President Mwai Kibaki has commissioned the Sh10 billion Kipevu III Power Plant in Mombasa in a bid to improve the country's power capacity.
The plant, which is already generating 115 Megawatts (MW) of power for supply to the national grid, was constructed through a local infrastructure bond floated by the Kenya Electricity Generating Company (KenGen) in 2009.
Kenya's total installed electricity capacity stands at 1,500MW against a peak demand of 1,300MW, with 30 percent of the country's population connected to electricity supply.
The president added that the Vision 2030 economic blueprint is intended to grow the country's electricity generation capacity to 21,000MW in the next 17 years, to provide for the projected peak demand of 17,000 MW and connect more than 90 percent of the population to the national grid.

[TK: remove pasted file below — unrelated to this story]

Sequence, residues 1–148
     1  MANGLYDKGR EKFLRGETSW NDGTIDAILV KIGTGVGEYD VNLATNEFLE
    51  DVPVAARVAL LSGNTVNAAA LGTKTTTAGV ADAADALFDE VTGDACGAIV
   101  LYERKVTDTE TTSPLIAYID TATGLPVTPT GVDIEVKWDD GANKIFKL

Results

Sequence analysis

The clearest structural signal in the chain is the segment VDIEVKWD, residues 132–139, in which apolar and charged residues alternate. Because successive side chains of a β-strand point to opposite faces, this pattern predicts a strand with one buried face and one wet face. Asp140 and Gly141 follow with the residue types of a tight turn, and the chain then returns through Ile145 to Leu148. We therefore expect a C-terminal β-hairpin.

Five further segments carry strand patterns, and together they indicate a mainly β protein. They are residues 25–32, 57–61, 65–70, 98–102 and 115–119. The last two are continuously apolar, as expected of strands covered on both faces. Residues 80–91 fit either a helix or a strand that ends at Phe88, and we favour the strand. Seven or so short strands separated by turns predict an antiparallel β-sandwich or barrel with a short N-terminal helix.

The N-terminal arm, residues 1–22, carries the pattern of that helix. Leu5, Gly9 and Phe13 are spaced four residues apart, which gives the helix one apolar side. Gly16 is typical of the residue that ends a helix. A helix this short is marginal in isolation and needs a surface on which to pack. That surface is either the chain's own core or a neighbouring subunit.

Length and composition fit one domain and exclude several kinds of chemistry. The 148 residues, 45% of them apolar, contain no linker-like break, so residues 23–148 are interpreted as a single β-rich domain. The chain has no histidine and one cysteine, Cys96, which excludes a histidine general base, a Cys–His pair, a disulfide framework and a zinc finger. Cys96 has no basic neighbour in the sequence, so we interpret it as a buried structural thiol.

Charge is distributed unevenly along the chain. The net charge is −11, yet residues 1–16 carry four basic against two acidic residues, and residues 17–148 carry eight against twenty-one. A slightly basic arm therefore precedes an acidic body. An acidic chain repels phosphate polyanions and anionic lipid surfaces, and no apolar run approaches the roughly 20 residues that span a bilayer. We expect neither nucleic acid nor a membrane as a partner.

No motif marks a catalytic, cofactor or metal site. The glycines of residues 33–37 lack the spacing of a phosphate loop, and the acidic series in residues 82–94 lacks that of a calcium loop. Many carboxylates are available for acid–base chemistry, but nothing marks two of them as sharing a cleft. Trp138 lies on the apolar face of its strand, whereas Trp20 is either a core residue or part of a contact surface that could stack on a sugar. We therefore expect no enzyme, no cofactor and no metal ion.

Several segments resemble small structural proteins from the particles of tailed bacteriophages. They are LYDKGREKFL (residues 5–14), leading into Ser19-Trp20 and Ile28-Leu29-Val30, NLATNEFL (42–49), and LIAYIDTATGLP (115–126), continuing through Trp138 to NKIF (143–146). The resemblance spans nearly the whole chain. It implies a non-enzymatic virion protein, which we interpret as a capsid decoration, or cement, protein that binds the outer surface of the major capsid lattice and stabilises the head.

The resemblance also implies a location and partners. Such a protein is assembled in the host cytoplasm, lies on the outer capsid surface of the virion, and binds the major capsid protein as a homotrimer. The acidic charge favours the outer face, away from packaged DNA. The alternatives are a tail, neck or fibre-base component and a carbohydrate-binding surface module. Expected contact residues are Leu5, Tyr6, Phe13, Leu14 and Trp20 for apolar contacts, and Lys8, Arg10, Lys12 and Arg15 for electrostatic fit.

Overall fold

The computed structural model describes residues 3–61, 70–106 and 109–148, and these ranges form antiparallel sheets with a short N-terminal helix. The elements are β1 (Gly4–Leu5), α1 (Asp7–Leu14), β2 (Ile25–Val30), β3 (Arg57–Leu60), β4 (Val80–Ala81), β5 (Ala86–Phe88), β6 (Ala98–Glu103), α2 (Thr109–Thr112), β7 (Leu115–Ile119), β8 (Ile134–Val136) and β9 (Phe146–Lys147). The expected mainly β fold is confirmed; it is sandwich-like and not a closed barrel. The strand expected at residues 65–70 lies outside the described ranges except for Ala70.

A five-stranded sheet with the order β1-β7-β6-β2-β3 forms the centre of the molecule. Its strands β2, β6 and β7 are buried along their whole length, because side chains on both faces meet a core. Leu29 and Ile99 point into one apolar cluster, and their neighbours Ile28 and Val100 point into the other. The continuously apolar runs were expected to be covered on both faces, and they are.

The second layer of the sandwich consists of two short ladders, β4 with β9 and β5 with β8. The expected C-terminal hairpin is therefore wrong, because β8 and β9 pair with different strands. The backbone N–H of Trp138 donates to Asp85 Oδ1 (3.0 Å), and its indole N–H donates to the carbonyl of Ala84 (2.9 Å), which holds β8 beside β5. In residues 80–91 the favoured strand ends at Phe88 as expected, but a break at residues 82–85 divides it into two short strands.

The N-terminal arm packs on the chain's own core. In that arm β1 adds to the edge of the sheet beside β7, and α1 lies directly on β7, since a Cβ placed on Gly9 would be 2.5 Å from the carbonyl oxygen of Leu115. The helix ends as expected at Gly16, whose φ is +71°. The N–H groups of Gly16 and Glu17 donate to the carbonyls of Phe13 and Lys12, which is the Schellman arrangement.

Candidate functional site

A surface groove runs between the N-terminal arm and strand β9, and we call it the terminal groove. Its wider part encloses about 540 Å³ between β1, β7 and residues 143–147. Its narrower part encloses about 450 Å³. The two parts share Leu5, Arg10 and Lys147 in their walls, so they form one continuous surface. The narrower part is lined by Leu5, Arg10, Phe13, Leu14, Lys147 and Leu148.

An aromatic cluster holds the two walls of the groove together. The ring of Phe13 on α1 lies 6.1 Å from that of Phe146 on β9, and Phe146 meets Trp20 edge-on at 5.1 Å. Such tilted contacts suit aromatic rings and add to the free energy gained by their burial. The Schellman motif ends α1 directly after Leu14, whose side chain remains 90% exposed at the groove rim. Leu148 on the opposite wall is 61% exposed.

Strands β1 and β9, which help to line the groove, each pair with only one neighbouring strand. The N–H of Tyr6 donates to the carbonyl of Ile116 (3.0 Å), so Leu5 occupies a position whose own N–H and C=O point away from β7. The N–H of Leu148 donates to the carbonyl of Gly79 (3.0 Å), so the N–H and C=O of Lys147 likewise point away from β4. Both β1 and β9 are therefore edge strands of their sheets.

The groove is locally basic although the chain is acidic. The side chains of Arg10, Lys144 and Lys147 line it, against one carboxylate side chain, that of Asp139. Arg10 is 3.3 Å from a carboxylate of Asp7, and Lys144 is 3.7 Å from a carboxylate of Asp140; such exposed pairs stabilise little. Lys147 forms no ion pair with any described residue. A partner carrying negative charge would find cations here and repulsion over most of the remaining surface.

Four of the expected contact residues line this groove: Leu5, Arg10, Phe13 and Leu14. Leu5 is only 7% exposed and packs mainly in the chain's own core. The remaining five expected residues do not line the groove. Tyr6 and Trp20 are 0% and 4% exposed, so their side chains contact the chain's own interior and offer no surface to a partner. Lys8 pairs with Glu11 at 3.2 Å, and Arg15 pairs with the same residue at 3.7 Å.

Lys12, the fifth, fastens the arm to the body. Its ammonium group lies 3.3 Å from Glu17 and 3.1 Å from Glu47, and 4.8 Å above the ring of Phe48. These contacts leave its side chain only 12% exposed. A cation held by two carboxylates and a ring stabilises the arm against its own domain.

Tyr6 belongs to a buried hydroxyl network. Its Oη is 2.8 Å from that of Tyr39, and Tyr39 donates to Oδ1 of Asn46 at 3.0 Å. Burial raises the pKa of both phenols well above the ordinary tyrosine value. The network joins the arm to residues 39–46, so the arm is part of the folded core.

The country is looking to diversify the electricity generation mix with a sharp focus on green energy sources such as solar, geothermal and wind power.
"We are putting considerable efforts in the development of these green sources of energy because they are relatively much cheaper in the long run and therefore more affordable than oil based thermal generation," the president explained during the plant commissioning.
To this end, Kibaki recently launched the construction of the 280MW geothermal project at Olkaria geothermal field which is scheduled for commercial operation by September 2014.
KenGen has set to raise its total generation capacity to 3,000MW by the year 2018; this is in addition to another 2,000MW being implemented by independent power producers.